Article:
A cash-flow analysis drawn up by a qualified financial planner should help you ascertain whether your cash remains surplus to requirements. ‘Often people may feel they have substantial funds at the time, but haven’t thought properly about what is really needed for a comfortable retirement or considered the future costs of nursing and social care,’ says Ammo Kambo, a chartered financial planner at Brewin Dolphin.
The top priority should be to ensure a secure lifestyle for you – both now and in the future. Alan Smith, chief executive of London-based Capital Asset Management, suggests the most important thing is to achieve complete clarity over the biggest question faced by those approaching retirement: ‘Do I have enough?’ This means establishing ‘whether I have enough money, assets, income to ensure that I can live out my retirement years doing the things I love to do – travel, spend time with family, hobbies, charity, fun – without fear of running out of money,’ he says.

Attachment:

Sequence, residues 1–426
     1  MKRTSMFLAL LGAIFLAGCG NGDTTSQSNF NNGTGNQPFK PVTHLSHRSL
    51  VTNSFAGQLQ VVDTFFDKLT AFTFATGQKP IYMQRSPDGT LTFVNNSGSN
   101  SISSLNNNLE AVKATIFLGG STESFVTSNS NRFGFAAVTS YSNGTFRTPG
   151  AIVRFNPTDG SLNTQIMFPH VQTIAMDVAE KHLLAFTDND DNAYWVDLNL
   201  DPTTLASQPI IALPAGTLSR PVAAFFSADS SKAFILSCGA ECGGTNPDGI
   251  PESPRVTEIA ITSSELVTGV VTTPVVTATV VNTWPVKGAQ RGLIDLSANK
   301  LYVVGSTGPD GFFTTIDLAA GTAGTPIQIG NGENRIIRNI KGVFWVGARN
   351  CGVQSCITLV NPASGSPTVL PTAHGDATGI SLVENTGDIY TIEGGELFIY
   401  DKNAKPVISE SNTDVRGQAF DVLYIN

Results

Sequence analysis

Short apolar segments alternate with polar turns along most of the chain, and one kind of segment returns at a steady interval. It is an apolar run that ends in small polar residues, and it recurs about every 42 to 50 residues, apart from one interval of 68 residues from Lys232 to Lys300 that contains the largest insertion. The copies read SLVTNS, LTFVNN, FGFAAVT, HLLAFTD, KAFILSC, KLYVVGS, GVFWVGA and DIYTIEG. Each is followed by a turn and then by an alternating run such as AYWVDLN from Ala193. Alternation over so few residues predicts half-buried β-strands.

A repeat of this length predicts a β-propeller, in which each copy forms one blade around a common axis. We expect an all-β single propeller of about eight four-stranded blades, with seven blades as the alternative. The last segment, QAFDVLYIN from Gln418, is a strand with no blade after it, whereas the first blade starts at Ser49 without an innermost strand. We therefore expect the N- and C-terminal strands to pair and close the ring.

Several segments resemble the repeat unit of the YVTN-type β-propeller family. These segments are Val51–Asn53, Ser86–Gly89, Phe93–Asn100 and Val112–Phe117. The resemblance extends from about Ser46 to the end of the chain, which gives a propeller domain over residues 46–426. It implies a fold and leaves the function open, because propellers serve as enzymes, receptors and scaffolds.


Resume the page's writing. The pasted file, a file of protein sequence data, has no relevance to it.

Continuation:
Do you therefore need the capital to improve your income stream, meet long-term care costs or put aside for a rainy day?
In the case of the latter, this should remain in cash, but if you are looking to boost your retirement income or fund care costs, Sofat advocates investing the money to stand the best chance of achieving inflation-beating returns. Look to utilise all available tax breaks: the best option will depend on your age and personal circumstances, including whether you have started drawing your pension assets.